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Join James Williamson, as he shows you how to create elegant menus, links, and buttons that help visitors navigate your site faster and more intuitively. The course covers creating structured navigation that is accessible and clean, styling links, and building horizontal and vertical menus with rollover effects. The last chapter reveals how to create stylish buttons with special effects and CSS sprites.
Floating menu items can cause two big problems, first, their parent elements can collapse and not contain the floated items inside, and second, floated items can disrupt the layout of elements that come after them in the source order. Now both of those issues can be handled by properly clearing the floats. So we are going to experiment a little bit with that in this exercise, and I have opened up the horizontal.htm from 04_03 directory. And there have been a couple of changes to this, so I want to scroll down into the code and show you what I am talking about.
I've added a nav selector, that's giving the navigation element the background of red, and then I took off the existing float from the ul, li, and I have also removed that one selector that was targeting the link. Just because I want to start fresh and show you guys really what goes on when you start floating some of these menu items. Now, if we preview this page, currently in the browser we are back to displaying vertically instead of horizontally, but you can see the red background of the parent nav element.
So remember, the nav element is wrapping all the way around the unordered list, and now we can see its background. Well, if I come in to my ul, li, and I add that float property again, so let's say I just add that, and I say float to the left so that I can display all of these links in horizontal fashion, If I save this, go back out to my browser, and refresh the page, they do display horizontally but the background color goes away. So what's going on there? Well, that's a feature called Containing Floats.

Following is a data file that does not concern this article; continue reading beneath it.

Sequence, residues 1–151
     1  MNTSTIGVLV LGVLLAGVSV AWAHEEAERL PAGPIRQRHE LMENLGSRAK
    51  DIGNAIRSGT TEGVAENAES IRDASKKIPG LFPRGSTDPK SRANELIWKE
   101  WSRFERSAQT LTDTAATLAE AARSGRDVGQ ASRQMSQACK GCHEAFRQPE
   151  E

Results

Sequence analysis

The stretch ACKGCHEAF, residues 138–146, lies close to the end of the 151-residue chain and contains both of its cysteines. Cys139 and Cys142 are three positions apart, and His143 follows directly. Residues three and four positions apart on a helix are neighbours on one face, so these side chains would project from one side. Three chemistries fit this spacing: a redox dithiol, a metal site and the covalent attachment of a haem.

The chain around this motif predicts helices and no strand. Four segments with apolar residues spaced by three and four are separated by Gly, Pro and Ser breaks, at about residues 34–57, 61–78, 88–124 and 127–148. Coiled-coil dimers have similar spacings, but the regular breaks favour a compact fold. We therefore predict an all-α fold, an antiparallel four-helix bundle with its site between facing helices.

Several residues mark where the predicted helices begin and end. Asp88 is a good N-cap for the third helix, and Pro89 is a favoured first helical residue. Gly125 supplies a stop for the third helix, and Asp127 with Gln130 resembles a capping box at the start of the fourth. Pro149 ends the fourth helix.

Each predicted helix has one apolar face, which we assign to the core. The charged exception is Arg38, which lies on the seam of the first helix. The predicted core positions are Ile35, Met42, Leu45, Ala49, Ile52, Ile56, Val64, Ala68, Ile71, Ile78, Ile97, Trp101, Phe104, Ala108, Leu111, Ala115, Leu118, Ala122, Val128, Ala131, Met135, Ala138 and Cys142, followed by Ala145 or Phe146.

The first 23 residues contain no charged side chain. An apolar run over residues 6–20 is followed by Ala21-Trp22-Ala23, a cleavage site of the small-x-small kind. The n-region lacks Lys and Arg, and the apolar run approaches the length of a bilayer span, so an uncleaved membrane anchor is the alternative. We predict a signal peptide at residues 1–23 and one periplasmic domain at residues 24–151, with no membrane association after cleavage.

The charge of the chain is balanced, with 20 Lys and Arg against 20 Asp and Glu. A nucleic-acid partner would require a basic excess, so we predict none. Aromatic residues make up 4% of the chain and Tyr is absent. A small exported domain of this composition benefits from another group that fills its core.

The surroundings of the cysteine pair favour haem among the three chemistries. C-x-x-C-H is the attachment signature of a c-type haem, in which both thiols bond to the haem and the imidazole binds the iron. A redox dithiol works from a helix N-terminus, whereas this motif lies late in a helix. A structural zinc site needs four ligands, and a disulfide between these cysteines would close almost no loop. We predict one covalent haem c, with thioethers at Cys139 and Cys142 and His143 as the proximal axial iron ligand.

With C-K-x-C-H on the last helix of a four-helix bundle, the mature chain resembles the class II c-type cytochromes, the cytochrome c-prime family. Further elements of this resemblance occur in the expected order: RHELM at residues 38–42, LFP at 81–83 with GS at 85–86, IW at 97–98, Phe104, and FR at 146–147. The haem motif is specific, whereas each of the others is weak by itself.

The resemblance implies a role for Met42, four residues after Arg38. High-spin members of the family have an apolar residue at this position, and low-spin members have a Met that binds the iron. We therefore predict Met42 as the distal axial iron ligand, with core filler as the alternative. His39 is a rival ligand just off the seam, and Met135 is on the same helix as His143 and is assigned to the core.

And the browser is actually doing exactly what it should do in this instance. Essentially, when you float an element, it kind of stay as a normal document flow, but it also kind of doesn't. What happens is, is it's going to float to the far left or to the far right based on which way you float it, and it's going to go all the way until it reaches some type of border, that could be its parent element, that could be all the way to the edge of the page, but the parent element is instructed to basically act like that element is no longer contained, meaning it's not inside of it anymore.
So the nav element is now just looking at itself as being empty, because the unordered list and all the individual list items both of those have been floated, so the nav element just sort of rolls up like a window shade. That's a problem with containing floats. So in order to contain those floated elements there are a couple different solutions for that. One would be to float the parent element itself. You will notice, for example, that both the ul and the li are being floated. There's no real reason to float the unordered list except for the fact that by floating it as well, the list items are contained now again within the unordered list, so if I were to put a background on the unordered list you'd see it.